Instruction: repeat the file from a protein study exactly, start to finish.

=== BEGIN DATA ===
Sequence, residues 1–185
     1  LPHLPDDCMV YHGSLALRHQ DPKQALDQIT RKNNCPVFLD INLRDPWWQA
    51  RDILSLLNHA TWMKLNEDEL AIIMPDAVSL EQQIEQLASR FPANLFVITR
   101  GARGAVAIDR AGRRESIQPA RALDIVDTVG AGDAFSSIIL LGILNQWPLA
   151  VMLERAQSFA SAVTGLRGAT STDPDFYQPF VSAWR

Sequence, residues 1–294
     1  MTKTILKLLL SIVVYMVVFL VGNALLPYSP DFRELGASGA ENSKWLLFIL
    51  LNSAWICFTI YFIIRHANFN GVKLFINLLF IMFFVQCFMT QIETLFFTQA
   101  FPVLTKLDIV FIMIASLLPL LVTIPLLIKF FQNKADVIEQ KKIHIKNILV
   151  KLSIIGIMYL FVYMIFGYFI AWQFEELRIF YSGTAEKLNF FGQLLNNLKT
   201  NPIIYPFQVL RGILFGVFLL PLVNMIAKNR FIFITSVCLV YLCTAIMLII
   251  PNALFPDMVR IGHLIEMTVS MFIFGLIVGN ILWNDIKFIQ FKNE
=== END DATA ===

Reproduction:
Sequence, residues 1–185
     1  LPHLPDDCMV YHGSLALRHQ DPKQALDQIT RKNNCPVFLD INLRDPWWQA
    51  RDILSLLNHA TWMKLNEDEL AIIMPDAVSL EQQIEQLASR FPANLFVITR
   101  GARGAVAIDR AGRRESIQPA RALDIVDTVG AGDAFSSIIL LGILNQWPLA
   151  VMLERAQSFA SAVTGLRGAT STDPDFYQPF VSAWR

Sequence, residues 1–294
     1  MTKTILKLLL SIVVYMVVFL VGNALLPYSP DFRELGASGA ENSKWLLFIL
    51  LNSAWICFTI YFIIRHANFN GVKLFINLLF IMFFVQCFMT QIETLFFTQA
   101  FPVLTKLDIV FIMIASLLPL LVTIPLLIKF FQNKADVIEQ KKIHIKNILV
   151  KLSIIGIMYL FVYMIFGYFI AWQFEELRIF YSGTAEKLNF FGQLLNNLKT
   201  NPIIYPFQVL RGILFGVFLL PLVNMIAKNR FIFITSVCLV YLCTAIMLII
   251  PNALFPDMVR IGHLIEMTVS MFIFGLIVGN ILWNDIKFIQ FKNE